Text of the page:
Presentation nerve calming tip #4.) Practice at a minimum for one hour
Getting familiar with your presentation material will build confidence and help you to deliver your words naturally (so you don’t sound like a robot).
Once your comfortable with the material its time is time to do a practice run. When you practice pull out your smartphone and record yourself. Then, when you’re done play it back and listen to the way you speak (your tone and your speed) and adjust appropriately.
I get it … many people do not like seeing and hearing themselves on camera but it’s one of the best ways to improve.
In terms of how much time you should practice your presentation, aim for at least one hour. Based on our recent subscriber survey, 79% put in at least one hour of practice while 44% put in at least 3 hours.
Presentation nerve calming tip #5.) Be prepared
Once you know what you are going to say, you need to be prepared for all the things that could hijack your presentation (technology issues, hostile questions, etc.)
You can’t account for everything that can go wrong, but you should try to anticipate potential problems and have backup plans place in case of equipment failure. If possible, give everything one last run-through in the actual environment. Remember to prepare responses to anticipated questions.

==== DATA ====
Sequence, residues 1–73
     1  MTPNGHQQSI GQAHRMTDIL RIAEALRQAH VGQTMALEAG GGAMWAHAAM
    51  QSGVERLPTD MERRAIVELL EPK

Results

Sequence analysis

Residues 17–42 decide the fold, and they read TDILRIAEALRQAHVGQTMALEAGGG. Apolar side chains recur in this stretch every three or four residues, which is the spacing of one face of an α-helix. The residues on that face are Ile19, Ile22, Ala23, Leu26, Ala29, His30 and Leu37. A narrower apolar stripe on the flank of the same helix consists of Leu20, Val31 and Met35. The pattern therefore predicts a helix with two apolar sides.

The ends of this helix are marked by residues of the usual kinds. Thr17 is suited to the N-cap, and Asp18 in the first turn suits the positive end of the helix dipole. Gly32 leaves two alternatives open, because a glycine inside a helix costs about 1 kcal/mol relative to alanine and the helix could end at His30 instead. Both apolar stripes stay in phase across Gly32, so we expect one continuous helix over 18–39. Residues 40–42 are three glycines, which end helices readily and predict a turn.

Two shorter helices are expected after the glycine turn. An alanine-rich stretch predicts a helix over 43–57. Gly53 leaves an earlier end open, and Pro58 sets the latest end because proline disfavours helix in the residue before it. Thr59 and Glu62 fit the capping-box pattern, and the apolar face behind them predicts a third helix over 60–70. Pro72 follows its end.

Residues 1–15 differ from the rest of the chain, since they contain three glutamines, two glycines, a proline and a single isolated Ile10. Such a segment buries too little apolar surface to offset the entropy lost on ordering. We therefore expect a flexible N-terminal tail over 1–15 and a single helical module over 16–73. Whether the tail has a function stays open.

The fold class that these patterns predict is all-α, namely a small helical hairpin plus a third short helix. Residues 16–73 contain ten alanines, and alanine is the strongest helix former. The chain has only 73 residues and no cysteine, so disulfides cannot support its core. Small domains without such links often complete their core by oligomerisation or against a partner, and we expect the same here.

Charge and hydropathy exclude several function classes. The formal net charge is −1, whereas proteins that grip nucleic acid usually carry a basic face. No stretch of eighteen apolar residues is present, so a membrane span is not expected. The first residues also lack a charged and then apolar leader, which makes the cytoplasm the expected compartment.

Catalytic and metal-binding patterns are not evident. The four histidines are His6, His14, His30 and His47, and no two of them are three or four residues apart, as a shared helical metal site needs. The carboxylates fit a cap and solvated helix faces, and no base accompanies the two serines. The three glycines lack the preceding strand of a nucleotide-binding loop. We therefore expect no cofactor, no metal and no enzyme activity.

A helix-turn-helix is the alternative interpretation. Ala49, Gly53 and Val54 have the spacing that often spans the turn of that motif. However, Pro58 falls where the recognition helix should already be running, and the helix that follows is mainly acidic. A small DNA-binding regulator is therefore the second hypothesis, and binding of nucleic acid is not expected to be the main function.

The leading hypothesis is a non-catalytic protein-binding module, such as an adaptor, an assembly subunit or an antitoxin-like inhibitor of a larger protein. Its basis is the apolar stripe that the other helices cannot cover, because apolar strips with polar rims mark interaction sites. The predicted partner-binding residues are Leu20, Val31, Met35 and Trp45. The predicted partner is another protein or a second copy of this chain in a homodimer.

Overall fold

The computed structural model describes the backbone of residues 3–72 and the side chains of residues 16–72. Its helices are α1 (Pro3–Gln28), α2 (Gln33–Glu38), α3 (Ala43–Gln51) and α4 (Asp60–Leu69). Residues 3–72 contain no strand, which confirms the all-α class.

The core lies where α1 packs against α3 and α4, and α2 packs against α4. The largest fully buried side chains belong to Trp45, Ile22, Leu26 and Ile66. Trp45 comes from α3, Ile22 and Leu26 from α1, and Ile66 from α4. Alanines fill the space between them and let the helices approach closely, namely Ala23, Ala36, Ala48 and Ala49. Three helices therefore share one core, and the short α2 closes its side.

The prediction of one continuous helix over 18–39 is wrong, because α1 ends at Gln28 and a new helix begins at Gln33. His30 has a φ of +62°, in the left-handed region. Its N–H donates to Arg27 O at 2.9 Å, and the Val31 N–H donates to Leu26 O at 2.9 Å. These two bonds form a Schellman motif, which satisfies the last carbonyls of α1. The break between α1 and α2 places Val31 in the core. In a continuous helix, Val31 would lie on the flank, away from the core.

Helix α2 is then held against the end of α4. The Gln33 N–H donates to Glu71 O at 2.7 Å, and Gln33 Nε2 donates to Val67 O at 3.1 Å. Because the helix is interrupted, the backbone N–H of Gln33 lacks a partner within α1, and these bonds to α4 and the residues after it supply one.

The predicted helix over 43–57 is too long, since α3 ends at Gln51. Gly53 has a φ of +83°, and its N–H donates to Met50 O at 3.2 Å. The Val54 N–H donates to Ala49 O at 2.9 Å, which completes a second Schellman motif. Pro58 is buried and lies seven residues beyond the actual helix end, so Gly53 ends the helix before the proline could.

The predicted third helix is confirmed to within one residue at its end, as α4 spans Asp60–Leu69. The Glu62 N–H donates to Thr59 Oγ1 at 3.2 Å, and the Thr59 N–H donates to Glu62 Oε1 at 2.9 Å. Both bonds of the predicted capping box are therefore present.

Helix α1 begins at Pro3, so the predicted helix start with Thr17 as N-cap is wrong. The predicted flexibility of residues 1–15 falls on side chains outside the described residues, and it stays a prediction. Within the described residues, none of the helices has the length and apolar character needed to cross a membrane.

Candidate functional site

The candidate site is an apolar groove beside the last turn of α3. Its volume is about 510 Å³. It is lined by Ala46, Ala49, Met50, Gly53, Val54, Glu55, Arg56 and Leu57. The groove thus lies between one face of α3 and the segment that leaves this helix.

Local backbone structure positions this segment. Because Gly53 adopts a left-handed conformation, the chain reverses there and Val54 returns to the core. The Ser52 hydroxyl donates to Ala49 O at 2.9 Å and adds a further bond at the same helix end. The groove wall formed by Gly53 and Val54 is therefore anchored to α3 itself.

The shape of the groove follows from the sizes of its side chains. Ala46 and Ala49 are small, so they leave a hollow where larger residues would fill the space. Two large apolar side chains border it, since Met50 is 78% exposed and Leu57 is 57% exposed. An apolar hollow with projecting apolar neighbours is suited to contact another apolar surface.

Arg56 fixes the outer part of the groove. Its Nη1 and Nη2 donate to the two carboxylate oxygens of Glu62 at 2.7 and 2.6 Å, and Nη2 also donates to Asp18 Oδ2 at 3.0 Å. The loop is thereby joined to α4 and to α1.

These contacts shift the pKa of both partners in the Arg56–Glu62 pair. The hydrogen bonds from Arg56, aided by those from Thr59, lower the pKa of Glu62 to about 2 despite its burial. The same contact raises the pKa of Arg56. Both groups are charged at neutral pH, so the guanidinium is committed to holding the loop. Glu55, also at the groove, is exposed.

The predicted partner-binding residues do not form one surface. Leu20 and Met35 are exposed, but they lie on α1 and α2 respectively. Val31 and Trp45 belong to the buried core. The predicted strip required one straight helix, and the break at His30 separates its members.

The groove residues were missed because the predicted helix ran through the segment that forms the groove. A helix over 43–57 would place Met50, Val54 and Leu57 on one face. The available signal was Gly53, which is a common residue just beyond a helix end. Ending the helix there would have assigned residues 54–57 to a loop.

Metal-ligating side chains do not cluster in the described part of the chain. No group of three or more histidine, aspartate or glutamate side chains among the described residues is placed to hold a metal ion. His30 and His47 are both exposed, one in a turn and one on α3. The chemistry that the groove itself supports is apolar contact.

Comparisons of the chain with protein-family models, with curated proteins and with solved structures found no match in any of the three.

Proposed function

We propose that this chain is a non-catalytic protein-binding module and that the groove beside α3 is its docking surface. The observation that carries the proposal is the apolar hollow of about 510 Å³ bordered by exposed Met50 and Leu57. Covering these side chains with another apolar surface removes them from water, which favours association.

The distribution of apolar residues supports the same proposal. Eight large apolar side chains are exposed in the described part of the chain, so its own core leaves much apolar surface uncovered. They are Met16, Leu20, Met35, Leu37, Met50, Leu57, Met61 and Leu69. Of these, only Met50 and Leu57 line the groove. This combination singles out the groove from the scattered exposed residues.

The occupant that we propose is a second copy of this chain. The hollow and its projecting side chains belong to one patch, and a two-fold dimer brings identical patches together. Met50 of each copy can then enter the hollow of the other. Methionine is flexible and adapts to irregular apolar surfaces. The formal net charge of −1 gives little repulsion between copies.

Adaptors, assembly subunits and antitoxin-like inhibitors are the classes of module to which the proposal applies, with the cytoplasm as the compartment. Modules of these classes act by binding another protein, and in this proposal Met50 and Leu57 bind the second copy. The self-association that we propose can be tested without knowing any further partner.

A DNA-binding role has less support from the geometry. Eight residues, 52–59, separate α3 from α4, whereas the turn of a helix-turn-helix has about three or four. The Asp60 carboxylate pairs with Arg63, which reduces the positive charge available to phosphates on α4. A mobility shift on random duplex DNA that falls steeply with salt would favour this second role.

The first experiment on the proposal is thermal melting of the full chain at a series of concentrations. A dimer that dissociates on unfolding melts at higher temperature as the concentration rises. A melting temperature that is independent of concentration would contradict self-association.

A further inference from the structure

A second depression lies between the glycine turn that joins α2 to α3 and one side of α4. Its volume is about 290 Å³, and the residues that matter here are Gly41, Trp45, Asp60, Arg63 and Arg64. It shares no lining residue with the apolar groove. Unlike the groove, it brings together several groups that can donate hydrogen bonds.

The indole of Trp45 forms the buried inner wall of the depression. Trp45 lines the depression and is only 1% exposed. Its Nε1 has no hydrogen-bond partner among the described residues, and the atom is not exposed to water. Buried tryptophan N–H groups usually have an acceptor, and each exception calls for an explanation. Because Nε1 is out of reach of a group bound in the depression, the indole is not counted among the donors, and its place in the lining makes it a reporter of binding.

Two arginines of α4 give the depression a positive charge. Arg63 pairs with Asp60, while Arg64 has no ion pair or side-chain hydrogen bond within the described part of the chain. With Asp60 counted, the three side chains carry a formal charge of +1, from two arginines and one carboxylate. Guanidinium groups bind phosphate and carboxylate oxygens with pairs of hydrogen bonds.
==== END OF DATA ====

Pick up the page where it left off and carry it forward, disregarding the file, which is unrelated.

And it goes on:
Presentation nerve calming tip #6.) Channel your inner calm
Nervousness causes physical reactions in the body which are mostly caused by an increase of adrenaline in your system. You can counteract these effects with a few simple techniques:
Practice belly breathing – Deep belly breathing is one of the simplest and fastest relaxation techniques. Also, if you’re into meditation, make sure to do some of that the day of your presentation as it can clear your head of negative thoughts. To pick just one of many recent studies, Zeidan et al. (2013) found that four 20-minute meditation classes were enough to reduce anxiety by up to 39%.
Smile – Did you know that it’s impossible to be fearful while smiling? Smiling is a natural relaxant that sends positive chemicals through your body.
Use visualization techniques – Imagine that you are delivering your presentation to an audience that is beyond thrilled with your presentation and reacting positively (standing up, clapping, cheering, picking you up with “we are the champion” playing in the background) … you get the idea!
Positive visualization is very powerful.
Presentation nerve calming tip #7.) Power Stance
Practicing confident body language is another way to reduce your presentation anxiety.
When your body is physically demonstrating confidence, your mind will follow suit. If you don’t believe me try this simple exercise:
- Sit in a chair and stay hunched over for 1 minute. Notice how you feel.
- Now, stand up, pinch your shoulders back, and put your hands on your hips for 1 minute. Notice how you feel again.
After doing the above exercise you should clearly be able to tell the difference between how you feel between sitting down hunched over and standing up in a strong power stance.